“I think the consensus of people that have been following this thing is that they’re not making nearly as much progress as the president tweets that they’ve been making,” said William Reinsch, a former US trade official now at the Center for Strategic and International Studies.

Chinese trade envoy Liu He will lead Beijing’s delegation in meetings with US Trade Representative Robert Lighthizer and other American officials Thursday and Friday as they work to head off an escalation of US tariffs.

This fourth round of negotiations follow two days of preliminary talks at the deputy level.

Trump this week said a March 1 deadline to reach a deal was in fact “not a magical date,” raising hopes that he could delay the plan to more than double duties on $200 billion in Chinese goods.

China’s party-owned Global Times late Tuesday warned raising US tariffs would amount to “a catastrophic strike” on global stock markets, which have been buffeted for months by the uncertainty and the prospects for slower global growth.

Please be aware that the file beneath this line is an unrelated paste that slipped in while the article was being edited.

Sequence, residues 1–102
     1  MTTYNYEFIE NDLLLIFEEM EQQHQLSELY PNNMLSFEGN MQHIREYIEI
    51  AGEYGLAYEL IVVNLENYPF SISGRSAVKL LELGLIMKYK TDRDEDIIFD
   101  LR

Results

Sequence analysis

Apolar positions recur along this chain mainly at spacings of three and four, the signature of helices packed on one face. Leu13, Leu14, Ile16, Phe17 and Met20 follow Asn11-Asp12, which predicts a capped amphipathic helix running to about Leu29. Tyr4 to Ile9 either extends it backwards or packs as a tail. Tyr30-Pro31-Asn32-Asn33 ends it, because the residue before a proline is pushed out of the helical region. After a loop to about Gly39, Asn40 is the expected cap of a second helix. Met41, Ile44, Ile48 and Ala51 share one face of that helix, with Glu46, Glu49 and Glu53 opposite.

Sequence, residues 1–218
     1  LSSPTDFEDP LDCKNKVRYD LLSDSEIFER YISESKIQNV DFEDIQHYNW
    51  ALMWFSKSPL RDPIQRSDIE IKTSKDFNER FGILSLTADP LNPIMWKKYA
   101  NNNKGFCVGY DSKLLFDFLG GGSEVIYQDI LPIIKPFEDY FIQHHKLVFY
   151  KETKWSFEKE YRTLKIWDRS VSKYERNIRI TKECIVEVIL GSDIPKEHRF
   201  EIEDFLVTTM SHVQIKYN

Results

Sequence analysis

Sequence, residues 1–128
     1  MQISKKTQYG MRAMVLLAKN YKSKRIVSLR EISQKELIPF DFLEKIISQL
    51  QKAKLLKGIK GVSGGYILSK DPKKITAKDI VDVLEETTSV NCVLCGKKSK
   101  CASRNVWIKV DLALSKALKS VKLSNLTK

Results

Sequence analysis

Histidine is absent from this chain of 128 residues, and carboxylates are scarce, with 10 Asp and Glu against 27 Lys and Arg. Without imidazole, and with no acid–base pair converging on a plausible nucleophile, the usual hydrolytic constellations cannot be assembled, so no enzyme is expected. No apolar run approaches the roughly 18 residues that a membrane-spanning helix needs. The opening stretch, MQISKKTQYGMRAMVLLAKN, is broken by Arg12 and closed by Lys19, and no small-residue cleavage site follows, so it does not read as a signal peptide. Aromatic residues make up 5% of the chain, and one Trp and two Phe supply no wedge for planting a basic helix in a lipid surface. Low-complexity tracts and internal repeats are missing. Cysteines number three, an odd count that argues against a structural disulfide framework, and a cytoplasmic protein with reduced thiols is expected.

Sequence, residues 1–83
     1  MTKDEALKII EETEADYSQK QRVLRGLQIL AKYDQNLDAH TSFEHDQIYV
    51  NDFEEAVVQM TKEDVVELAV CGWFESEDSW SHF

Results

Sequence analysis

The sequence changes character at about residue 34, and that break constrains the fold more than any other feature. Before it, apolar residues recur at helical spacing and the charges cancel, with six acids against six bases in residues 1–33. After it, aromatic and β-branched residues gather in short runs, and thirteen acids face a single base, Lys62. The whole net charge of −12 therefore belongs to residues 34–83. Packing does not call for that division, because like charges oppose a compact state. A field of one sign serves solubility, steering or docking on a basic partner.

Since July, Washington and Beijing have hit each other with tariffs on more than $360 billion in two-way trade, weighing on the manufacturing sectors in both countries.

Washington has demanded that Beijing reverse much of its industrial policy, charging that China has sought global dominance through the alleged theft of American technology, massive subsidies and the promotion mammoth state-owned enterprises.

US officials have stressed that any agreement must have teeth to ensure that China keeps its promises.